The YPG remains an active threat to Turkey

Published 21.02.2019 22:36
Updated 22.02.2019 00:14
A terrorist from the U.S.-backed and YPG-dominated Syrian Democratic Forces (SDF) scans the desert outside of Baghouz, Syria, Feb. 19, 2019.
A terrorist from the U.S.-backed and YPG-dominated Syrian Democratic Forces (SDF) scans the desert outside of Baghouz, Syria, Feb. 19, 2019.

The YPG-dominated SDF presence in Syria is the most dangerous element that threatens Turkey's national security, leading Ankara to generate actions to counter it

The Democratic Union Party (PYD) and its military branch, the People's Protection Units (YPG), are creating false and dangerous propaganda in the region. There is an umbrella organization in Syria called the Syrian Democratic Forces (SDF), which is seen as a cover for the PYD.

Currently, the leader of the SDF, Ilham Ahmed, is touring Washington, Paris and London with her delegation and calling for an international observer force to be stationed at the Turkey-Syria border to protect "Kurds" from Turkey!

Well, as a Turkish citizen and a journalist, having criticized all of Turkey's policies in the '90s and early 2000s concerning the treatment of Kurds, I can definitely say that saying "Turkey is planning to attack the Kurds" is a big, unjust lie.

Turkey has been very careful in differentiating terror elements targeting its border from civilians, and there is no ground to say that it targets the Kurds. That propaganda is illogical since Turkey is the motherland of millions of Kurds. Before the Justice and Development Party (AK Party) governments it was not possible to speak in Kurdish in official speeches, there were no opportunities to even learn Kurdish. Kurdish books were banned and even Kurdish names were forbidden. Now there are Kurdish institutes, politicians have no problem creating Kurdish campaigns, there is a Kurdish state channel and the atmosphere is more embracing.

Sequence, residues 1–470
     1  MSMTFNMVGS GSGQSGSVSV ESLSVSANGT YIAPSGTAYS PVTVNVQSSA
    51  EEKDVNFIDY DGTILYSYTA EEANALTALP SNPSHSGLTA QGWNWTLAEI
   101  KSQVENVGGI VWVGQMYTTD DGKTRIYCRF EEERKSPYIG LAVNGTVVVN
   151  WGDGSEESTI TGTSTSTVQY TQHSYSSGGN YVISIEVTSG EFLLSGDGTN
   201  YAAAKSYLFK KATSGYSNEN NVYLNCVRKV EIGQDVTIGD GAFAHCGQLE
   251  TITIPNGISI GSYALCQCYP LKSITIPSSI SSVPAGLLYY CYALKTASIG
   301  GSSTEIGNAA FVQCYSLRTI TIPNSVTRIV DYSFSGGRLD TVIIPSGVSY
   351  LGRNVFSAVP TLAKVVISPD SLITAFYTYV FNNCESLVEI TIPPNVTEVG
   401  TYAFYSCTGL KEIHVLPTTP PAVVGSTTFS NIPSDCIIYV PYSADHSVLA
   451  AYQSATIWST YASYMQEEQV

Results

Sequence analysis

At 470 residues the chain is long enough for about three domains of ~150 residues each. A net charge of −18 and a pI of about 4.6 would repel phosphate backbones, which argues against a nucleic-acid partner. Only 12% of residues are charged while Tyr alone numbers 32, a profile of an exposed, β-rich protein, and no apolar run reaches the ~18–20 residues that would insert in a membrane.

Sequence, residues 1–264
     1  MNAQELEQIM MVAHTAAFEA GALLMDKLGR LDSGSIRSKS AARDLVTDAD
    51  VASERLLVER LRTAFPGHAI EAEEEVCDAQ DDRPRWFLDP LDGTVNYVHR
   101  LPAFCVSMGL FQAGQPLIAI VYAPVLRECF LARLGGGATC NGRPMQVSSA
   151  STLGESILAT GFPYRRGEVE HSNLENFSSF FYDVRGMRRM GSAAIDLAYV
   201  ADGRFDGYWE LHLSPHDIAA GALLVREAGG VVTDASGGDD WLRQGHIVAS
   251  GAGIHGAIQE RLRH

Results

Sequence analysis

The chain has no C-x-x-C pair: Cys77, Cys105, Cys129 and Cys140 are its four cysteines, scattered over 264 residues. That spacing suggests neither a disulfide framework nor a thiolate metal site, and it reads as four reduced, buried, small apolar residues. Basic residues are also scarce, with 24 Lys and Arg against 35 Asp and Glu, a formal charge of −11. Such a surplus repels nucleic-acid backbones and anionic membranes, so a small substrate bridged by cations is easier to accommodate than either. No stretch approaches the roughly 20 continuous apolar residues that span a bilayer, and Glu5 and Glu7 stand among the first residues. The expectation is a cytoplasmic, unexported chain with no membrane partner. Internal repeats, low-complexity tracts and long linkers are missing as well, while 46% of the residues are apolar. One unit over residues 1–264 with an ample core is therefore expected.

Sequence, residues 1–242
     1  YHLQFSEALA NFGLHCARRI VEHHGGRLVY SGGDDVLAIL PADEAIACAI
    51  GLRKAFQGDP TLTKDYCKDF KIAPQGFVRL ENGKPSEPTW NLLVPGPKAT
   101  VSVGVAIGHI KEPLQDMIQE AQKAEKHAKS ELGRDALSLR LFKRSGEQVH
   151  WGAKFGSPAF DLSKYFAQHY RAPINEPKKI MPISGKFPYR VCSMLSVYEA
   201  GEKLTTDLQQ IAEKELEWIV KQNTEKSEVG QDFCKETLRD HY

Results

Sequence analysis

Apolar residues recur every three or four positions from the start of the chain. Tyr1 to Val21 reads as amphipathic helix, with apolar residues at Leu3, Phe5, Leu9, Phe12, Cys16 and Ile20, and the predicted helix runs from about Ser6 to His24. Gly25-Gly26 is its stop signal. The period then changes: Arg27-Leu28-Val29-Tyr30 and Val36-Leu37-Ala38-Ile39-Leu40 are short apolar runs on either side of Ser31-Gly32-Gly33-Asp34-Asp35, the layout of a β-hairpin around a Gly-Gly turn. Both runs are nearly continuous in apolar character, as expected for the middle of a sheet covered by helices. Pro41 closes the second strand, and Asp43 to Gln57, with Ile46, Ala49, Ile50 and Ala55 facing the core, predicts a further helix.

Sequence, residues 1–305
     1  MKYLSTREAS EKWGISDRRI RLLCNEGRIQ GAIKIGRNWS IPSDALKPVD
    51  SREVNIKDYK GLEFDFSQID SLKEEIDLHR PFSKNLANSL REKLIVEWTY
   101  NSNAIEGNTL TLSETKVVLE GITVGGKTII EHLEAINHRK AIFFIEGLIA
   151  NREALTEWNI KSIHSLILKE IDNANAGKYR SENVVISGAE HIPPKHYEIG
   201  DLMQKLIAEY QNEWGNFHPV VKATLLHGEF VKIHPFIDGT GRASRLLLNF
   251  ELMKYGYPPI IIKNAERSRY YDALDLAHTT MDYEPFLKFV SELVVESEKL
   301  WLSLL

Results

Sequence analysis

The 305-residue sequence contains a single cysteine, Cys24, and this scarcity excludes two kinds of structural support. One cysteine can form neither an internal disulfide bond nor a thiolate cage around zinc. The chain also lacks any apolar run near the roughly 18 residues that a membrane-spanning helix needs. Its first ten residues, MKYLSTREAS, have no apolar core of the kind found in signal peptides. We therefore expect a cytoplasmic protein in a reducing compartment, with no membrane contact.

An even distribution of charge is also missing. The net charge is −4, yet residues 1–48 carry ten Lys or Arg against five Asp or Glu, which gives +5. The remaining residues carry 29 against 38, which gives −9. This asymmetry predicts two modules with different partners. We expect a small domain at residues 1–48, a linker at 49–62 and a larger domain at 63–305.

There are of course some problems stemming from security measures against the PKK, but Recep Tayyip Erdoğan and his governments have come a long way. How is it that all of a sudden that the same Erdoğan is turning around to attack the Kurds?

However, the YPG always uses the same propaganda methods. To find convincing ground it speaks in the name of all Syrian Kurds. The YPG and PYD panicked after the United State announced its upcoming withdrawal from Syria.

Turkey is firm in wanting to form a safe zone, and messages coming from Syria are positive. On Tuesday, U.S. State Department deputy spokesperson Robert Palladino said in a press conference: "We are actively engaging with Turkey on this and that is part of our efforts to ensure a safe withdrawal of the U.S. and a stabilized northern Syria. Washington takes Ankara's legitimate security concerns seriously."

These words hint that from the U.S. perspective a safe zone could be created in line with Turkey's demands and according to its plan. But the U.S. is not the only actor in Syria, and things are more complicated than this.

First of all, since Donald Trump announced the U.S. withdrawal, three months have passed. Since then, no troops have been withdrawn, and the Pentagon confirmed only last month that additional troops were being sent to protect American forces. So the process might be much longer than expected; so long in fact, that forces may leave after the formation of a new Syria!

Speaking of a new Syria… What is the solution for Syria? Unfortunately, there are no new actors, and Bashar Assad is still the only political option. Here, Turkey faces another dilemma. In Sochi last week when President Erdoğan met with Russian President Vladimir Putin and Iran's Hassan Rouhani, Turkey's plans to create a safe zone were widely discussed. Russia and Iran, which have been big supporters of the Assad regime, claim that any such zone would require the approval of Damascus.

Turkey works in Syria with countries that have clashing interests, and this has become more apparent since the announcement of U.S. withdrawal. Now a solution must be found. Turkey wants to protect its borders and clear its south of the YPG, but doesn't want to engage in high-level relations with Damascus. A clear solution and a new era in Syria are still far on the horizon.

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